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Hearing Info

What are the Effects of Hearing Loss?

Left undiagnosed or untreated, hearing loss can damage communications and erode relationships. It’s sad but hearing loss can go from a strictly physical condition to a psychological one, which is just one of the reasons it is so important to seek a solution promptly. There are also safety risks associated with hearing loss– all compelling reasons to take the steps now to address this problem!

Types of Hearing Loss

There are many TYPES of hearing loss. The most common is a problem called SENSORINEURAL – it is a problem with the inner ear, the acoustic nerve, or both. Most physicians call this condition “nerve deafness.” More than 90 percent of all hearing aid wearers have sensorineural hearing loss. The most common causes of sensorineural hearing loss are: age related changes, noise exposure, inner ear blood circulation, inner ear fluid disturbances and problems with the hearing nerve.

The second most common type of hearing loss is CONDUCTIVE. Conductive hearing loss is due to any condition that interferes with the transmission of sound through the outer and middle ear to the inner ear. This type of hearing loss can be successfully treated in most cases. Conductive loss may result from earwax blocking the ear canal, fluid in the middle ear, middle ear infection, obstructions in the ear canal, perforations (hole) in the eardrum or disease of any of the three middle ear bones. People with conductive hearing loss may notice their ears seem to be full or plugged. This person may speak softly because they hear their own voice loudly. Crunchy foods, such as celery or carrots, seem very loud to the person with a conductive hearing loss and this person may have to stop chewing to hear what is being said. Even if people with conductive hearing loss are not improved medically or surgically, they stand to benefit greatly from a hearing aid, because what they need most is amplification.

Frequently, a person experiences two or more types of hearing impairment, which is called mixed hearing loss. This term is used only when both conductive and sensorineural hearing losses are present in the same ear. However, the emphasis is on the conductive hearing loss, because available therapy is so much more effective for this disorder. For most people with hearing loss, there is help. Properly fitted hearing aids improve communication for at least 90 percent of people with hearing loss.


Tinnitus (pronounced as ti-NIGHT-us or TIN-i-tus, both pronunciations are correct), is defined by the American Tinnitus Association (ATA) as “the perception of sound in the ears or head where no external source is present.” Sometimes it is called “ringing in the ears” or “head noise,” but some people describe it as a buzzing, whistling, roaring, or even chirping sound. No matter what the sound is, it is constantly with a person day and night, robbing him or her of any peace and quiet.

The ATA reports that 1 in 5 people are affected by tinnitus. The exact cause is still unknown, but there are many sources that may trigger or worsen tinnitus, including head or neck trauma, jaw misalignment, noise exposure, and more. The good news is, that tinnitus is usually NOT a sign of a serious ongoing medical condition, and there are ways to manage the noise.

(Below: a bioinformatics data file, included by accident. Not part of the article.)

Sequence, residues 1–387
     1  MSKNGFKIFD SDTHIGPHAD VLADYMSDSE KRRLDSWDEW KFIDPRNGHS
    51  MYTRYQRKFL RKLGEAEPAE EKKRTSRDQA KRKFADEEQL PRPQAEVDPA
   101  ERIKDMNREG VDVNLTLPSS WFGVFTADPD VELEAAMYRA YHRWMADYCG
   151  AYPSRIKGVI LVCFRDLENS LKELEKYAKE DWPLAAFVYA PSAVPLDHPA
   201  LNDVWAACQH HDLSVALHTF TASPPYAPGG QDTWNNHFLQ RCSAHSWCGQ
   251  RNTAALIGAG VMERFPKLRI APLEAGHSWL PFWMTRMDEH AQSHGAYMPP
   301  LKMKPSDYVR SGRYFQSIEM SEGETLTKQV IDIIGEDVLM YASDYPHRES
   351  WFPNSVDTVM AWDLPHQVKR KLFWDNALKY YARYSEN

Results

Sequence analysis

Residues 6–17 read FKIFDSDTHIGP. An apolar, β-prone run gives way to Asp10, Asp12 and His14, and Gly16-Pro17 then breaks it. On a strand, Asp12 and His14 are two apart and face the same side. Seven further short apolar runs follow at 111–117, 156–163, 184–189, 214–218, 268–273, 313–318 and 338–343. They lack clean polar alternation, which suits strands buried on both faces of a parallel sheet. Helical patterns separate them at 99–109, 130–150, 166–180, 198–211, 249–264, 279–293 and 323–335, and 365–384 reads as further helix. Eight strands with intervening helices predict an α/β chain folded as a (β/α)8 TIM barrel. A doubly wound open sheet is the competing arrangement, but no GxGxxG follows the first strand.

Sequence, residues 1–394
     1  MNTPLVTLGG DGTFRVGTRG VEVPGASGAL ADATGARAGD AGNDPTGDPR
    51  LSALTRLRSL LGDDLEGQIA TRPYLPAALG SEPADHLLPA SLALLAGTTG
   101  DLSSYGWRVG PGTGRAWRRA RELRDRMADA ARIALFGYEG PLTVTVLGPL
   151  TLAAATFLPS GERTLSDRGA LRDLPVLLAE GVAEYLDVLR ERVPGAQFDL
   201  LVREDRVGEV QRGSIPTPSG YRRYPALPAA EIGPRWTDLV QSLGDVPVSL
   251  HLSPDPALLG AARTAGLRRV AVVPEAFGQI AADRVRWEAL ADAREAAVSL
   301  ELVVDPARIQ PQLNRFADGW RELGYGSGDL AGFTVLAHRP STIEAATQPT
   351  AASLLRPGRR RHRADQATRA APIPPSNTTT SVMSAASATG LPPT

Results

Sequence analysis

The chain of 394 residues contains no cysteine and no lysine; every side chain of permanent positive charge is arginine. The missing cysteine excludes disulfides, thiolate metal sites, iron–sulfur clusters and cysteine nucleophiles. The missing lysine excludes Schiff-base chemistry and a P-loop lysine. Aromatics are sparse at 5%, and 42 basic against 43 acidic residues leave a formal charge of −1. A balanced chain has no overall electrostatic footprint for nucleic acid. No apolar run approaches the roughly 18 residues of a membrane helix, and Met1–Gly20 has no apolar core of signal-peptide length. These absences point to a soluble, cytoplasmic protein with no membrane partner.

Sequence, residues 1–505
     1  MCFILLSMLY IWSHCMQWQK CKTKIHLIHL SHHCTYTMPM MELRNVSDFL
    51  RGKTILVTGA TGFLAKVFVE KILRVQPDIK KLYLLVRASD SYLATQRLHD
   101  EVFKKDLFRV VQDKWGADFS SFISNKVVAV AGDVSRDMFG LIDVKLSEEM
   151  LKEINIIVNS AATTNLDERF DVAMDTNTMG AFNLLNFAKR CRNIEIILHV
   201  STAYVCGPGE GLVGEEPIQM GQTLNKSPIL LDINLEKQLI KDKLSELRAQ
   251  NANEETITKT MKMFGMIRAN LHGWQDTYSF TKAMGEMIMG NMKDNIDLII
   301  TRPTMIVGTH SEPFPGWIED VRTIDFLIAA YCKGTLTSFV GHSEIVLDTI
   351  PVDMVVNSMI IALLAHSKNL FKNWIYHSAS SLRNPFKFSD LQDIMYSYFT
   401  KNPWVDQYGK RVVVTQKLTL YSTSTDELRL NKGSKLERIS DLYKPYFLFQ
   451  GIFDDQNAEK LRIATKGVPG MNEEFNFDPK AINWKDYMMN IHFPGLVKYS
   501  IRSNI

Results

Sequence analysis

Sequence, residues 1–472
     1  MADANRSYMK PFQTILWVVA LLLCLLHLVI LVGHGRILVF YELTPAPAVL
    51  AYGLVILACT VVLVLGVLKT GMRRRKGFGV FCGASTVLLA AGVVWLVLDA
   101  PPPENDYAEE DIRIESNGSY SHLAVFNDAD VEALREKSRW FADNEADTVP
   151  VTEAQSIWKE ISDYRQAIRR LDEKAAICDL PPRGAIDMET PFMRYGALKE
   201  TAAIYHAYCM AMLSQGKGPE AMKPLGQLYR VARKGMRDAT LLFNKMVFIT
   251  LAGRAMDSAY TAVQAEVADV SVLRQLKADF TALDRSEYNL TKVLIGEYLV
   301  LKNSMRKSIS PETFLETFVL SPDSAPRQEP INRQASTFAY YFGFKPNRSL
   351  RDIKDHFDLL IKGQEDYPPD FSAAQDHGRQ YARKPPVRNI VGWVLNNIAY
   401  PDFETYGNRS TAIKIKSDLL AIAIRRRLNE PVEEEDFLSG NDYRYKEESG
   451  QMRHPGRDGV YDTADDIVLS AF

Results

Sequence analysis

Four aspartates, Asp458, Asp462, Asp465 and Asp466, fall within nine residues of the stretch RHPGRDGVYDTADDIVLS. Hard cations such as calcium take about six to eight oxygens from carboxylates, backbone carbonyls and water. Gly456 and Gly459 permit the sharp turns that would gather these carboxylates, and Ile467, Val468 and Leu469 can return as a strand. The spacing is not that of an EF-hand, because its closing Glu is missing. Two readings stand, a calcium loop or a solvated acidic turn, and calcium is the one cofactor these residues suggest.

Realistic Expectations Regarding Hearing Aids

When wearing hearing aids:
• In quiet environments, your hearing should improve
• Your hearing in moderate background noise should improve
• Your hearing with background noise is NOT going to be as good as your hearing in a quiet environment.
• Your hearing with loud background noise is NOT WORSE than without hearing aids.
• Soft speech should be audible, average speech should be comfortable, and loud speech should not be uncomfortable
• Your ear molds should not hurt.
• Your voice should be “acceptable” to you.
• There should be no feedback when the hearing aids are properly seated in your ears.
• Your hearing aids should allow you to listen with less effort.

At Audicles Hearing Services, we are committed to personal, one-on-one service to assist in the transition to hearing aids and to make your hearing experience the best it can be.

The Family’s Role

You, the family, play a critical role in helping to meet the emotional and psychological needs of your hearing impaired family member. It is a role filled with understanding and support. The following are six steps to consider when speaking to someone with a hearing loss:

1. Attract their attention. There is little benefit in speaking if they do not realize you are talking to them.
2. Always face the person. They need to watch your face for clues. Lip movements and body gestures are an important part of their listening.
3. Move Closer. Voices can fade around the corners and across distances.
4. Speak slowly and distinctly. Louder is NOT better. Yelling will distort the words and hurt your throat.
5. Wait and watch. Stop when you see signs of uncertainty. Repeat yourself. Start again and watch to be sure that you are being understood.
6. Save important talk for appropriate times. Discuss important matters during ideal hearing conditions. Find a quiet, calm environment.

Your support and sincere encouragement are just as important as the hearing aid itself.